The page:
Stock bulls prove their point, but without full participation

Short and Intermediate-term trends remain positive

Market Overview – What We Think:

  • Resumption of short to intermediate term strength in major indexes over past several sessions has merely re-asserted intermediate-term uptrend begun after October 2011 lows.
  • While we had presumed possible Key Reversal Day created in S&P and Dow 30 on February 29 might have proven to be top of five month old rally, recent buying to new highs eliminated that suspicion.
  • Failure of Momentum on both short and intermediate cycles could be sign recent bout of strength is abating. Fact that market is “Overbought” is helpful, but such measurements are not definitive since “Overbought” readings can stay that way. It is reversals of those conditions that count, not the extreme conditions themselves.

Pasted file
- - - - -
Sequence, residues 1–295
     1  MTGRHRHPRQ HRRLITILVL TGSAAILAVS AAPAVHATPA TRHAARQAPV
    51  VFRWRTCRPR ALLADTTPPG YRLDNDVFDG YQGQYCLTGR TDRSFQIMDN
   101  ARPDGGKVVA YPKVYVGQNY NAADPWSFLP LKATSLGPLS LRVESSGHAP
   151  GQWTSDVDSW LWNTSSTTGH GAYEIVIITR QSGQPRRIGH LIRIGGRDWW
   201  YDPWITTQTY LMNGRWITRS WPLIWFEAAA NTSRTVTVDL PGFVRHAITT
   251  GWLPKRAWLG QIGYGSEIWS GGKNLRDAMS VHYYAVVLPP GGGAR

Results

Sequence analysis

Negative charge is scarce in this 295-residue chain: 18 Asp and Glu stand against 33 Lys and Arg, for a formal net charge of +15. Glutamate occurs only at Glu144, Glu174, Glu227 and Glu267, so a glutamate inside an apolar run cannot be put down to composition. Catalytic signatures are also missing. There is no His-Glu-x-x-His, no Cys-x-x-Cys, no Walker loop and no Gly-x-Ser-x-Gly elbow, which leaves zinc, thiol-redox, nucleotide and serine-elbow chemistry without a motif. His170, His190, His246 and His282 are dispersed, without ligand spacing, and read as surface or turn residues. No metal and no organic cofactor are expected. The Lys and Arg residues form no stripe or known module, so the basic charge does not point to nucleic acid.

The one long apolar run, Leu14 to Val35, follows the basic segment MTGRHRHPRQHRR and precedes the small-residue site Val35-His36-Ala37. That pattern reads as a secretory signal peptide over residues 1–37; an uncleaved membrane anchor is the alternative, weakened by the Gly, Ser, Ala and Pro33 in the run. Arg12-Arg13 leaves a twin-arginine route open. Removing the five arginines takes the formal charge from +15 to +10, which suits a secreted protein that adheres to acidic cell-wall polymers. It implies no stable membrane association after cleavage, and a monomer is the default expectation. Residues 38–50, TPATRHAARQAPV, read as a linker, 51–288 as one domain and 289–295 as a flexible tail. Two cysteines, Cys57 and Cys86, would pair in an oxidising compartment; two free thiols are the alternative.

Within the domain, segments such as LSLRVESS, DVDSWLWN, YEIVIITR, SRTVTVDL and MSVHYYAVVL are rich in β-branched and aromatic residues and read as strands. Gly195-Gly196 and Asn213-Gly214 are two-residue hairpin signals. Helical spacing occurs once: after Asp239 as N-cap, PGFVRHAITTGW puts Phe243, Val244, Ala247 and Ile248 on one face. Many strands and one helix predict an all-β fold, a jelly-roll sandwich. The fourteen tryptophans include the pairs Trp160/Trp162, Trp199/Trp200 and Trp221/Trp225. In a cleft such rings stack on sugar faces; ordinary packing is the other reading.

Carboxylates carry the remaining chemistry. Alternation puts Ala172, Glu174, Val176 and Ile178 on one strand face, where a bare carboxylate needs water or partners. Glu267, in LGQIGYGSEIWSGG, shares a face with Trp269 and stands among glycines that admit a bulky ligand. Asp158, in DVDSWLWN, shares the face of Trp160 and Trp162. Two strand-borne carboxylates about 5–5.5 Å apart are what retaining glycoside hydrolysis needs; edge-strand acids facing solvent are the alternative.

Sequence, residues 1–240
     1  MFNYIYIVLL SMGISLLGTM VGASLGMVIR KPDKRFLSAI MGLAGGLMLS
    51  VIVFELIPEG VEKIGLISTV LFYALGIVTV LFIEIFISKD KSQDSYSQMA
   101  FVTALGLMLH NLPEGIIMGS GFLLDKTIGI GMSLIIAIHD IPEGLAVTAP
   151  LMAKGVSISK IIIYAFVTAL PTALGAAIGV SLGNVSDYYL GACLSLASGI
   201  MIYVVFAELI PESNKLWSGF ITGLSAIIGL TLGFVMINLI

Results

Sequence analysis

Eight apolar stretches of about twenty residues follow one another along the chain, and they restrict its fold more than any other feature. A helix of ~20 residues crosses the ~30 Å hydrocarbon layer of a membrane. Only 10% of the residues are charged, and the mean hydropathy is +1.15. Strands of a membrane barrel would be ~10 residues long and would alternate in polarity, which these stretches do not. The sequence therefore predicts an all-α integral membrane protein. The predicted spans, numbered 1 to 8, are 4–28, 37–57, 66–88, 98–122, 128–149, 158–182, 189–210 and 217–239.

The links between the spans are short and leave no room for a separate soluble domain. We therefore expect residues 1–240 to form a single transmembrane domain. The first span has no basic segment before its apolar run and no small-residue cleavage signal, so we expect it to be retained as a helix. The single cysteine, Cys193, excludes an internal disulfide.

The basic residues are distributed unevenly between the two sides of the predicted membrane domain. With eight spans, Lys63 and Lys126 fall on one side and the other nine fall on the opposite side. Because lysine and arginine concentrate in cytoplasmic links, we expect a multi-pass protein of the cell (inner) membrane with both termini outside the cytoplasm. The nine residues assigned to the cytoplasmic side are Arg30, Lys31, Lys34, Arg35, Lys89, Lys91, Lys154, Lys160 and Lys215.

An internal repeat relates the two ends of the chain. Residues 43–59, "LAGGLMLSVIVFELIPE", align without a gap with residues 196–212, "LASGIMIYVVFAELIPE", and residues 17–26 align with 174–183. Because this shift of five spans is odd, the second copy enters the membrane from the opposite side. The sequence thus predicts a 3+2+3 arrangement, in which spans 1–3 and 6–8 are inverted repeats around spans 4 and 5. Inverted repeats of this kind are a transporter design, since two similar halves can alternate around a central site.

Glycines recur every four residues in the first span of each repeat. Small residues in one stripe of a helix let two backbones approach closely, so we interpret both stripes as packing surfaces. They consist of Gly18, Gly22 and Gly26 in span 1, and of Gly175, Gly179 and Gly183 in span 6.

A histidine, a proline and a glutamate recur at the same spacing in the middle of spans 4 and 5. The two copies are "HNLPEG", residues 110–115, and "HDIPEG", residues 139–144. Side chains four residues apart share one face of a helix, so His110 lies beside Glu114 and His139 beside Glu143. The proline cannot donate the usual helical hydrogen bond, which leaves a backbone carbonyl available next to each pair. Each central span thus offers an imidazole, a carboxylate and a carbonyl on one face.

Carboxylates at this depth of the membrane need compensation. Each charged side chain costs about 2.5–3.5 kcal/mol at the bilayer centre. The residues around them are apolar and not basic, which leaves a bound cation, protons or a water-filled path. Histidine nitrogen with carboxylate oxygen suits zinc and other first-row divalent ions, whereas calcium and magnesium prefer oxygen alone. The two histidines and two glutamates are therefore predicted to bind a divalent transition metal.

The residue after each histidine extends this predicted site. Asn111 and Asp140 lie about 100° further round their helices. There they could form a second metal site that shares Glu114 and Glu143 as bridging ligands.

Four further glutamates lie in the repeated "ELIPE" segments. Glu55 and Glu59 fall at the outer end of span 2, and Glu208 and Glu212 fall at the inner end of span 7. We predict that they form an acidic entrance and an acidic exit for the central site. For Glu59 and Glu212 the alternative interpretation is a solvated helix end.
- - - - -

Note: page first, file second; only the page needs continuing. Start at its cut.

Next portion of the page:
• There is also lingering lack of confirmation in Cumulative Volume in both S&P 500 and S&P Emini in that both series remain well below 2011 indicator plot highs. While such divergent tendencies have not stemmed tide of advance since October, it is nonetheless suggestion volume underpinnings of market are not as strong this time around as during previous rallies.

But as long as the short-term trend continues to rally, “Overbought” or not, the potential for higher prices remains. This market has proven that point for months and even with a lack of indicator underpinnings. Although it’s true poor indicator corroboration usually comes back to haunt the market, being short a rally like the one which has persisted since October is the quickest route to financial ruin we can imagine. Truth is, the trend is always the investor’s friend and indicators are merely suggestions about possible market action.

Daily S & P 500 Index with Cumulative Volume

Weekly S & P 500 Index with Cumulative Volume

The indicator conflict continues on the Momentum front. On the Minor Cycle Momentum peaked the first week in January, but the S&P has rallied 10% since then. On the Intermediate Cycle Momentum peaked the week ending February 17 and has confirmed none of the strength in the S&P since then. But the S&P 500 improved more than 3%. And on the Major Cycle using monthly data Momentum peaked the month ending March 2010 and the S&P has rallied another 20%.

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